Document Detail


Pharmacological inhibition of PTEN limits myocardial infarct size and improves left ventricular function postinfarction.
MedLine Citation:
PMID:  20097771     Owner:  NLM     Status:  MEDLINE    
Abstract/OtherAbstract:
Phosphoinositide 3-kinase (PI3K) mediates myocardium protective signaling through phosphorylation of phosphatidylinositol (Ptdins) to produce Ptdins(3,4,5)P(3). Lipid phosphatase and tensin homolog on chromosome 10 (PTEN) antagonizes PI3K activity by dephosphorylating Ptdins(3,4,5)P(3); therefore, the inhibition of PTEN enhances PI3K/Akt signaling and could prevent myocardium from ischemia-reperfusion (I/R) injury. Here we studied 1) whether the pharmacological inhibition of PTEN by bisperoxovanadium molecules [BpV(HOpic)] attenuates simulated I/R (SIR) injury in vitro and 2) whether the administration of BpV(HOpic) either before or after ischemia limits myocardial infarct size (IS) and ameliorates cardiodysfunction caused by infarction. First, adult rat cardiomyocytes were treated with or without BpV(HOpic) and then exposure to SIR. Second, anesthetized rats received BpV(HOpic) either before or after ischemia. IS was assessed at 4 h reperfusion, and left ventricular function was evaluated by echocardiography at 28 days postreperfusion. As a result, BpV(HOpic) decreased cell death, improved 3-[4,5-yl]-2,5-diphenyltetrazolium bromide (MTT) viability, and reduced apoptosis in cells exposed to SIR. These protective effects of BpV(HOpic) are associated with increased phospho-Akt and the repression of caspase-3 activity. Second, the administration of BpV(HOpic) significantly reduced IS and suppressed caspase-3 activity following I/R injury and consequentially improved cardiac function at 28 day postinfarction. These beneficial effects of BpV(HOpic) are attributed to increases in myocardial levels of phosphorylation of Akt/endothelial nitric oxide synthase (eNOS), ERK-1/2, and calcium-dependent nitric oxide synthase activity. In conclusion, the pharmacological inhibition of PTEN protects against I/R injury through the upregulation of the PI3K/Akt/eNOS/ERK prosurvival pathway, suggesting a new therapeutic strategy to combat I/R injury.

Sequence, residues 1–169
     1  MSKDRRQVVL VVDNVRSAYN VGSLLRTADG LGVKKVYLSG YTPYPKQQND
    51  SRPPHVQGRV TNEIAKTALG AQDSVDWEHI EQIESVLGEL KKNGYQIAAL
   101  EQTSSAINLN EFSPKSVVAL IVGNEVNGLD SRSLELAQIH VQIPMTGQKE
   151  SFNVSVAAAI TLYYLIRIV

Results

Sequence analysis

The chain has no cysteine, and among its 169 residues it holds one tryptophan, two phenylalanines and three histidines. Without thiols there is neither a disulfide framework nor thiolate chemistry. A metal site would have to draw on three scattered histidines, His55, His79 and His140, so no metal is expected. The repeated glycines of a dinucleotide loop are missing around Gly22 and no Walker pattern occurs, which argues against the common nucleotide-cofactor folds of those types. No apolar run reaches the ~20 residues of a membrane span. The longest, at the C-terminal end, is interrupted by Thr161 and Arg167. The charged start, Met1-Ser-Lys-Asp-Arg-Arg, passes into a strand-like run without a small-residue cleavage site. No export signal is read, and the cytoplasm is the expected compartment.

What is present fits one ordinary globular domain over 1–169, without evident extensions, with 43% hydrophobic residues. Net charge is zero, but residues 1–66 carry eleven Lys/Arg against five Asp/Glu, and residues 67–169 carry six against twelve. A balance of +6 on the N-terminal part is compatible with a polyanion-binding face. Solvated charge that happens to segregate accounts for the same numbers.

Authors:
Kyle T Keyes; Jing Xu; Bo Long; Congfang Zhang; Zhaoyong Hu; Yumei Ye
Publication Detail:
Type:  Journal Article; Research Support, Non-U.S. Gov't     Date:  2010-01-22
Journal Detail:
Title:  American journal of physiology. Heart and circulatory physiology     Volume:  298     ISSN:  1522-1539     ISO Abbreviation:  Am. J. Physiol. Heart Circ. Physiol.     Publication Date:  2010 Apr 
Date Detail:
Created Date:  2010-03-22     Completed Date:  2010-04-12     Revised Date:  -    
Medline Journal Info:
Nlm Unique ID:  100901228     Medline TA:  Am J Physiol Heart Circ Physiol     Country:  United States    
Other Details:
Languages:  eng     Pagination:  H1198-208     Citation Subset:  IM    
Affiliation:
Dept. of Biochemistry and Molecular Biology, Univ. of Texas Medical Branch, Galveston, 77555, USA.
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MeSH Terms
Descriptor/Qualifier:
Animals
Caspase 3 / metabolism
Cells, Cultured
Disease Models, Animal
Enzyme Inhibitors / therapeutic use*
Extracellular Signal-Regulated MAP Kinases / metabolism
Male
Myocardial Infarction / drug therapy*,  metabolism,  pathology
Myocardial Reperfusion Injury / metabolism,  pathology,  prevention & control
Myocytes, Cardiac / metabolism,  pathology
Nitric Oxide Synthase Type III / metabolism
PTEN Phosphohydrolase / antagonists & inhibitors*,  metabolism
Proto-Oncogene Proteins c-akt / metabolism
Rats
Rats, Sprague-Dawley
Vanadium Compounds / therapeutic use*
Ventricular Dysfunction, Left / drug therapy*,  physiopathology
bcl-2-Associated X Protein / metabolism
Chemical
Reg. No./Substance:
0/Enzyme Inhibitors; 0/Vanadium Compounds; 0/bcl-2-Associated X Protein; 0/bisperoxovanadium; EC 1.14.13.39/Nitric Oxide Synthase Type III; EC 2.7.11.1/Proto-Oncogene Proteins c-akt; EC 2.7.11.24/Extracellular Signal-Regulated MAP Kinases; EC 3.1.3.48/Pten protein, rat; EC 3.1.3.67/PTEN Phosphohydrolase; EC 3.4.22.-/Caspase 3

From MEDLINE®/PubMed®, a database of the U.S. National Library of Medicine


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